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wiring opinions

Discussion in 'Performance and Tuning' started by colby8100, May 10, 2013.

  1. May 10, 2013 at 9:45 AM
    #1
    colby8100

    colby8100 [OP] Well-Known Member

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    Ok I been working on a really hard hit honda and I got it ready for paint. So I decided to start fixing broken wires and they sent a kit of butt connector looking things that are activated by heat. When you heat it up the edges draw up and it has a little ring of solder in the center that melts into the wires. Its a lot faster than soldering then heat shrinking. I was wondering if anyone has any negative feedback on them. I'm about to redo my engine harness for my new ecu and mods and I'm thinking about using these.
     
  2. May 10, 2013 at 9:46 AM
    #2
    Large

    Large Red

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    Use crimp-able butt connectors, electrical tape & heat shrink over it for a good connection. Solder will fail eventually.
     
  3. May 10, 2013 at 9:52 AM
    #3
    colby8100

    colby8100 [OP] Well-Known Member

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    That's normally what I do is crimp them then solder it the heat shrink then tape loom then tape again but these were really neat
     
  4. May 10, 2013 at 1:06 PM
    #4
    Torspd

    Torspd Tor-nication

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  5. May 10, 2013 at 1:15 PM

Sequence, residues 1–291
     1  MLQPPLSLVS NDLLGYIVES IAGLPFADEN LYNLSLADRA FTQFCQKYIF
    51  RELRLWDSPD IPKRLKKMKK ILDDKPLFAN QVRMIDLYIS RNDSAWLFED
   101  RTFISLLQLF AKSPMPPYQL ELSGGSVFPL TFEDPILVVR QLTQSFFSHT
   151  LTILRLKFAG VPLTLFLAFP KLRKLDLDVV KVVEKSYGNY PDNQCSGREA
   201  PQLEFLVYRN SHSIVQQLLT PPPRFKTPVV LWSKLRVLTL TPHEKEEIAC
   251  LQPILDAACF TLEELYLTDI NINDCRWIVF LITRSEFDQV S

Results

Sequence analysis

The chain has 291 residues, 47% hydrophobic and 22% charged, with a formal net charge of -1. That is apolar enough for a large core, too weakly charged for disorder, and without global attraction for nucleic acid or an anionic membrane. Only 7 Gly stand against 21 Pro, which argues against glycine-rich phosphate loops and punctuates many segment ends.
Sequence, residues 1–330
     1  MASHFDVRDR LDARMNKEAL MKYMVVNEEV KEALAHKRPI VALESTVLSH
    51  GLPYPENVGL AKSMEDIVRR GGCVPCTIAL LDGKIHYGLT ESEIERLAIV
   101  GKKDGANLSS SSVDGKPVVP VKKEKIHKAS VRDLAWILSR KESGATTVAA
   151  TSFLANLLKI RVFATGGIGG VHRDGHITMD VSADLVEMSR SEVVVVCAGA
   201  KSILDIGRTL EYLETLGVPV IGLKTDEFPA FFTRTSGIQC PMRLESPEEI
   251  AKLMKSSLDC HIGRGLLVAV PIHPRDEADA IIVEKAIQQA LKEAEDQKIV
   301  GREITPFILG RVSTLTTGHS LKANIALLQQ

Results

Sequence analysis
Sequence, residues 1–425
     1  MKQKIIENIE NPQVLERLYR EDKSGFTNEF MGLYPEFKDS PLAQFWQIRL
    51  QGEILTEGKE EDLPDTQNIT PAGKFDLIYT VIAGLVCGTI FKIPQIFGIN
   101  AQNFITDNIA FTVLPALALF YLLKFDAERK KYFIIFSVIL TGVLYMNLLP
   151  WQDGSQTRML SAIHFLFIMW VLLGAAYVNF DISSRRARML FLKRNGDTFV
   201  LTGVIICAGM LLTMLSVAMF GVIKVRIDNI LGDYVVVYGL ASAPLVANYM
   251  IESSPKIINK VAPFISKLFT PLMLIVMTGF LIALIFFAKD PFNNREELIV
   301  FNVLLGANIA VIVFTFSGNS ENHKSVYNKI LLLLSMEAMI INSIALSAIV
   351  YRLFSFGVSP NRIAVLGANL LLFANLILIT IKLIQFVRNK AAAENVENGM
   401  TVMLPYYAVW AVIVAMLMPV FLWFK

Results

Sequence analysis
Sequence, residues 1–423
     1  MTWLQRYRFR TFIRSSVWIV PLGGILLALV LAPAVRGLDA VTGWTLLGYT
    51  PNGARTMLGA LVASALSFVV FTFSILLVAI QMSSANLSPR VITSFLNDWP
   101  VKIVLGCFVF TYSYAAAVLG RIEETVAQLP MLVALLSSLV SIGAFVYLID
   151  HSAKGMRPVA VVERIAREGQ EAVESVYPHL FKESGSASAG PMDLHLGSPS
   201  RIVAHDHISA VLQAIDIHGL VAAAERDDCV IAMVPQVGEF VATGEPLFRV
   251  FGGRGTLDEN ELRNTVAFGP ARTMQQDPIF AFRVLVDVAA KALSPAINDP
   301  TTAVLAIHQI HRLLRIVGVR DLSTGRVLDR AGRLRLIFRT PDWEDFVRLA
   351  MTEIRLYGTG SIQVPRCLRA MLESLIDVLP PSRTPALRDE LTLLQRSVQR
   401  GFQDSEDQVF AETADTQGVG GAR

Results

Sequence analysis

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    Aw9d

    Aw9d That one guy

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    Solder fails only if it was soldered bad or there is a lot of stress on the solder joint. Which in a Honda will not happen. I've built custom harnesses for race Honda's and never seen one joint fail.

    I've never had any of my solder fail on me. I've been installing stereo's for around 13+ years and doing electrical work for as long as I can remember. I don't use crimps unless there is no other choice (Which is rare).

    Personally, solder + heat shrink is the way to go. It will give you the best connection possible. Yes it takes longer but its the best way.
     
    Last edited: May 10, 2013
  6. May 10, 2013 at 1:18 PM
    #6
    colby8100

    colby8100 [OP] Well-Known Member

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    I don't have a brand its just what the shop stocks
     
  7. May 10, 2013 at 1:21 PM
    #7
    colby8100

    colby8100 [OP] Well-Known Member

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  8. May 10, 2013 at 1:22 PM
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    Aw9d

    Aw9d That one guy

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  9. May 10, 2013 at 1:23 PM
    #9
    colby8100

    colby8100 [OP] Well-Known Member

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    The clear heat shrinks the blue melts into a sealer? And solder melts and bonds
     
  10. May 10, 2013 at 1:23 PM
    #10
    colby8100

    colby8100 [OP] Well-Known Member

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    The ones I have don't crimp
     
  11. May 10, 2013 at 1:24 PM
    #11
    Rich91710

    Rich91710 Well-Known Member

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    Not if done properly.
     
  12. May 10, 2013 at 1:36 PM
    #12
    Rich91710

    Rich91710 Well-Known Member

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    I would not use that type.

    Solder is to ensure a good electrical connection.
    Prior to soldering, you need a good mechanical connection, whether it be a western union or a crimp connection.
    The solder prevents corrosion from degrading the connection over time, and helps prevent vibration from degrading the mechanical connection.

    Solder joints that fail are generally caused by one of several issues:
    1) Connection overheated and the solder crystallized (not common).
    2) Conductors overheated and solder wicked along the stranded conductors beyond the stabilized connection area... the stranded wire has become "solid" and is prone to break from vibration if not supported (very common).